Latest USADATA News
Dec 1, 2021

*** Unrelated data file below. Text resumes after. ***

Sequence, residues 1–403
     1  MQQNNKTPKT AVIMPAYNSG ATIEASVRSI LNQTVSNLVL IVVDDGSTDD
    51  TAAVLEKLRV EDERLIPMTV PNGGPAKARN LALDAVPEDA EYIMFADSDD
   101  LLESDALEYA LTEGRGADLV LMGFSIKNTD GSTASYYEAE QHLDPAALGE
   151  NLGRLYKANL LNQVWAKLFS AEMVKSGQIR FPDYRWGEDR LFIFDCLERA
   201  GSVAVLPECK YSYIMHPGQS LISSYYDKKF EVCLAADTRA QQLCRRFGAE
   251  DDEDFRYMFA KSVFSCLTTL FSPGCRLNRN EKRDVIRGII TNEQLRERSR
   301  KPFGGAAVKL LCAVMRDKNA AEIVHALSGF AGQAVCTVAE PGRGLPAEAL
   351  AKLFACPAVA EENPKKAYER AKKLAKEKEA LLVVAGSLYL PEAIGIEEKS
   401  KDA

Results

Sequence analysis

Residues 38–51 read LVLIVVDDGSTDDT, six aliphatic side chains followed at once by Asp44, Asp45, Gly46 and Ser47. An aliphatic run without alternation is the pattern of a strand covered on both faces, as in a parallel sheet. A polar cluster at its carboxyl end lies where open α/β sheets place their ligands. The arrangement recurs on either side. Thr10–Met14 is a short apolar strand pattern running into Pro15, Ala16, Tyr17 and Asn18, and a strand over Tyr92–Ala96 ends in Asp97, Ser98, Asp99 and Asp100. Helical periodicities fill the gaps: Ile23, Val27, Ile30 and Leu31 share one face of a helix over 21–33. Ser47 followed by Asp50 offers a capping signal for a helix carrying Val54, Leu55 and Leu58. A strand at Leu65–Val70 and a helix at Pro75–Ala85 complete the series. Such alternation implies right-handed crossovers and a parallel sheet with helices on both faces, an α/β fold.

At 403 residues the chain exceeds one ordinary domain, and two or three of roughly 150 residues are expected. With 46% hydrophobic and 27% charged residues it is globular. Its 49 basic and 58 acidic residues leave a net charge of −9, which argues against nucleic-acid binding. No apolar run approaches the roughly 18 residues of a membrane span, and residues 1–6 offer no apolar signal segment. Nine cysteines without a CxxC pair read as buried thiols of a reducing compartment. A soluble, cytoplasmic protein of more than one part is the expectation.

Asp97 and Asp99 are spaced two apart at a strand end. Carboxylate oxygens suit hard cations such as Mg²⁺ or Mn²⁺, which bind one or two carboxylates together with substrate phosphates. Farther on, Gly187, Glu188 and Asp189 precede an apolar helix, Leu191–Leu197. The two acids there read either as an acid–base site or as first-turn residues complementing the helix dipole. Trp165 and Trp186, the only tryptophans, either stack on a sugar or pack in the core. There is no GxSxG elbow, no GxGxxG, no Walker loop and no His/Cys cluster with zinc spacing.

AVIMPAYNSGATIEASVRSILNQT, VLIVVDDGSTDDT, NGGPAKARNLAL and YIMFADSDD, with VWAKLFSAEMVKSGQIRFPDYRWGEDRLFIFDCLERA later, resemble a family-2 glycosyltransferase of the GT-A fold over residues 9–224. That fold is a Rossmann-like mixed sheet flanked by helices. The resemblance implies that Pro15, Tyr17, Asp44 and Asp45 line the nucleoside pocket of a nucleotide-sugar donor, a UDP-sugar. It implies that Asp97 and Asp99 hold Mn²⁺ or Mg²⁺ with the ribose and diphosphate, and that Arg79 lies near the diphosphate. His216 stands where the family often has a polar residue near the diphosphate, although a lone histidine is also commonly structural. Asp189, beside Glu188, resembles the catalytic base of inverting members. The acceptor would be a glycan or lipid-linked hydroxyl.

To embed, copy and paste the code into your website or blog: <iframe frameborder="1" height="620" scrolling="auto" src="//www.jdsupra.com/post/contentViewerEmbed.aspx?fid=e0f5719b-eb35-44d1-85a0-9407ce89cba4" style="border: 2px solid #ccc; overflow-x:hidden !important; overflow:hidden;" width="100%"></iframe> In the case USADATA Inc. v. DataWidget LLC, No. CV-21-00526-PHX-DLR, 2021 WL 5084283 (D. Ariz. Nov. 1, 2021), the patent at issue is titled, "System and Method for Selling Customer-Specific Data Subsets on a Third-Party Website Using a Web Widget." Like the title suggests, the claims recite a "system for searching and purchasing data subsets from a data seller," which comprises three main components: 1) an e-commerce vendor, 2) a data seller and (3) a data extraction widget. The patent explains how the system works with a sandwich shop/web-to-print example: A sandwich shop owner wants to run a targeted mail campaign by designing and sending postcards to all residents within five miles of the sandwich shop. The owner finds an e-commerce vendor selling printing services, but the vendor lacks its own database of residents within five miles of the sandwich shop. However, a third-party data seller has a database that can be searched to obtain that specific data subset. Using the data seller widget, the customer [sandwich shop] accesses the data seller's database via server, obtains a list of residents within a five mile radius of the customer's shop and then uses that mailing list to send out custom postcards through the web-to-print site. Preferably, the customer pays for the data subset (in this case the names and addresses) during checkout at the web-to-print site and the data seller and web-to-print vendor can settle their accounts at the same or subsequent time. Throughout the process, the customer need not know that a third-party data seller is involved. The plaintiff filed a Rule 12(c) motion for judgment on the pleadings, arguing that the patent is ineligible under Section 101. (The plaintiff filed a declaratory judgment action, so the defendant is the patent holder.) At step one of the Alice inquiry, the U.S. District Court for the District of Arizona found the patent to be directed to an abstract idea: "functionally, the data extraction widget exchanges information with and between a vendor of geographic and demographic data and a printing service … As far back as the pre-Civil War era, humans have acquired geographic and demographic and used a printing service to reach a targeted audience." The court, in summary, found that the patent "essentially computerizes a longstanding economic practice … and mere information exchange is an abstract idea, even when performed by computers or otherwise technologically restricted." At step two, the court found that none of the components are inventive because they implement conventional protocols. "The patent claims a system that employs a database, servers, processors, and memory, all of which the patent describes as 'well-known in the art.'" The court concluded that such generic language does not reveal an inventive concept. Accordingly, the court found that the patent claims are ineligible under Section 101 and granted the plaintiff's motion for judgement on the pleadings. Thank you for reading.